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Tesla’s digital pricing is transformative; here are 7 improvements to make it even better

Over three months from mid-February 2023, using the Tesla website I tracked the prices and delivery time estimates of Tesla cars in the US, Canada and the UK. For 15 minutes every day I would record this information in a spreadsheet and immerse myself in the Tesla product offering. My goal was to understand Tesla’s digital pricing strategy and think about any improvements.

Here are my conclusions!

I am afraid it is quite a long blog post. I considered splitting it up but decided it would be more useful to have all in one post for those interested in this subject.

Tesla’s Digital Pricing is transformative.

Worldwide, the only channel that Tesla uses to communicate prices and accept orders of new cars is online via their website. Tesla sets prices for their cars at a country-level and so customers using the site first need to specify which country they wish to buy the car. In North America, customers are also asked to enter their exact zip code / post code to see whether they are eligible for regional specific rebates and to access the local availability of new and used Tesla cars. On the UK site, customers can now browse the immediate inventory of new and used Tesla cars where Postal Code is part of the search criteria.

The role of Tesla sales executives is to help customers with this process.

The Tesla site provides core specifications for each car. One of the features of Tesla EVs is that the same model look can disguise very different performance characteristics. The Model 3 Rear-Wheel Drive is the current entry-level vehicle offered by Tesla with a 0-60 mph time of 5.8 seconds. In contrast, the Model 3 Performance has the equivalent acceleration to the Model S (and faster than any Model Y), with a 0-60 mph time of 3.1 seconds.

The Tesla site also provides customers with dynamic information as to:

  • what models are currently available (e.g., the standard Model Y became available in the US on April 7 and Canada on April 21)
  • incentive news (e.g., ongoing updates to the status of US federal tax credit for Tesla Model 3 RWD during April)
  • special offers (e.g., 3 years free Supercharging for Models S & X in US and Canada on April 21, in coordination with a price increase)
  • delivery times by vehicle type
  • prices by vehicle type

This digital approach allows Tesla high capability to centrally manage prices and facilitate coordination between markets. There is also some variation in the way that prices are presented in different markets which suggests some degree of local decision-making. Tesla prices are considerably higher in the UK yet there is still evidence of coordination with North America in the way prices are changed (e.g., on April 21, Model 3 and Model Y estimated fuel savings increased for both the US and the UK). The pricing in the US and Canada markets is similar and tends to be very closely coordinated on net prices, with list (aka MSRP) prices being impacted by national market conditions.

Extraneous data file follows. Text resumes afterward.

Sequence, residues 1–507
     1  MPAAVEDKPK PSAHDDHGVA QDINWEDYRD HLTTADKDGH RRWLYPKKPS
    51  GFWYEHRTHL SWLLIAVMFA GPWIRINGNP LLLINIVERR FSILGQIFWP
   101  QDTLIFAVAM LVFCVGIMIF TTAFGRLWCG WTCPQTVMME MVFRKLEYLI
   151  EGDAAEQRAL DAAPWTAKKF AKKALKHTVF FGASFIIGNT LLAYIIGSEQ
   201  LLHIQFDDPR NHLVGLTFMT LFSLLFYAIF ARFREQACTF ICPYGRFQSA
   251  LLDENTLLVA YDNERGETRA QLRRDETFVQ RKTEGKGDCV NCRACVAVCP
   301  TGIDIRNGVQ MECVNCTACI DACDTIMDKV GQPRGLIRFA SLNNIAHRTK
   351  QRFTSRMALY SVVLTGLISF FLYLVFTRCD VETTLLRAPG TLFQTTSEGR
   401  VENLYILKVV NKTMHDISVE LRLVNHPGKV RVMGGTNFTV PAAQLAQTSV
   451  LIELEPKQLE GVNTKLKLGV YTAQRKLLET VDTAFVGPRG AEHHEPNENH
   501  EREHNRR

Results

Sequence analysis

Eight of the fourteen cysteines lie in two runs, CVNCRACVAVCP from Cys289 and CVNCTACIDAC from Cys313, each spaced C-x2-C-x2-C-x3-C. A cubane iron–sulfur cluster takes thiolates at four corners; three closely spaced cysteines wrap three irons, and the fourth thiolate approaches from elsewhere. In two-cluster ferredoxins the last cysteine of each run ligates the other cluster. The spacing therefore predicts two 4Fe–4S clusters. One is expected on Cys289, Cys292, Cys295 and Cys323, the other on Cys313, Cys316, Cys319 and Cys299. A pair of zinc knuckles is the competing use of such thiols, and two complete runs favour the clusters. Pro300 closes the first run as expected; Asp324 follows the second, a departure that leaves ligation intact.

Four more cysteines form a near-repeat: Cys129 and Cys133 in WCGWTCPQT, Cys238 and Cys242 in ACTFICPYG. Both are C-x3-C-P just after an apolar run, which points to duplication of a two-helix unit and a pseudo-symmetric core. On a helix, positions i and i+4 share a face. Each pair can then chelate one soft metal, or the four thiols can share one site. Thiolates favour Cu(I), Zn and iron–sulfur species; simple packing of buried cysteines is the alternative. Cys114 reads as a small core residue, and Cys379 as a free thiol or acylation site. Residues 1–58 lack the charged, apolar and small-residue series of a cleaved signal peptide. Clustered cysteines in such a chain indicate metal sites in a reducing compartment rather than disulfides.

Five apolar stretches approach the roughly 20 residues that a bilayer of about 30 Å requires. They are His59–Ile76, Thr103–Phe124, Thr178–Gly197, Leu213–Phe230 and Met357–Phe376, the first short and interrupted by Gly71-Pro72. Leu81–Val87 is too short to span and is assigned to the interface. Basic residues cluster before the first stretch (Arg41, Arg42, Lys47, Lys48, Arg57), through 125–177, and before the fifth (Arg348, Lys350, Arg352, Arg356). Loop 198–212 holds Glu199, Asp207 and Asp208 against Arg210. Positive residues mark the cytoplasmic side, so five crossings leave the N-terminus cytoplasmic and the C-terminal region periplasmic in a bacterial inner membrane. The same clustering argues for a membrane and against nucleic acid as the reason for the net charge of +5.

By way of example, throughout the 3-month period from February 11, Tesla Model 3 Rear-Wheel Drive was available at almost the same net price in US and Canada in areas where no state/provincial-level EV incentives apply (e.g. residents of California and Quebec are eligible for additional EV incentives). Yet during this time, there were 5 tweaks to the pricing in the US, which seem designed to manage changes in the Federal Tax Credit (and associated demand disruptions) for this vehicle, compared to once in Canada and once in the UK.  During the same period, prices for the Model X changed 3 times in both the US and in Canada in a precisely coordinated manner (on March 6, April 7 and April 21). Model X is not currently available in the UK.

The immediate inventory capability shows individual car specific deals that is, presumably, managed by the local markets.

7 suggested improvements (for June 2023)

Here are 7 areas in which I believe Tesla faces challenges with their digital pricing strategy and where they should aim to improve.

My intent in suggesting these improvements is to be helpful. Tesla may like some improvements and not others. What I find so impressive is that Tesla have created an integrated digital infrastructure, with their online platform, Tesla app and OTA software updates to their cars, that they should be able implement any of these improvements. With their ability to make ongoing improvements I can imagine that these suggested improvements are specific to June 2023. This time next year a different set of improvements would likely be appropriate.

1. Recognize that buying a car is different from booking a hotel room

One of the early lessons I learnt in my market research career is that customers tend to look for much more information about their car after they buy it than before they do so. It is certainly true for me with my Tesla Model 3 SR+. I, along with many others, are experiencing the cognitive bias of post-purchase rationalization – the tendency to retroactively ascribe positive attributes to an option one has selected. In a nutshell, we want to feel good about the car that we have bought and look for information to support that decision. If the price is substantially reduced soon after we buy our car we don’t feel so good! We also share our opinions, both good and bad, with other people.

When I bought my Tesla in May 2019, due to tweak that Tesla had done to the Model 3 range, it had just become eligible for the federal $5,000 rebate. Great for me, but painful for customers who had bought the car shortly before this change. My Tesla sales agent told me about the very angry calls he was getting from these customers.

Customers are being exposed to dynamic pricing environments for many categories of products and services. We understand that the price of hotel rooms can vary substantially according to availability. It is different with cars.

Recommendation: Tesla should develop a Price Promise to customers to protect them from any major price declines in the months following purchase. This could be anything from free Supercharging added to the customer’s Loot Box through to substantial price rebates. Before implementation, this Price Promise should be research tested with customers and the financial implications should be well understood.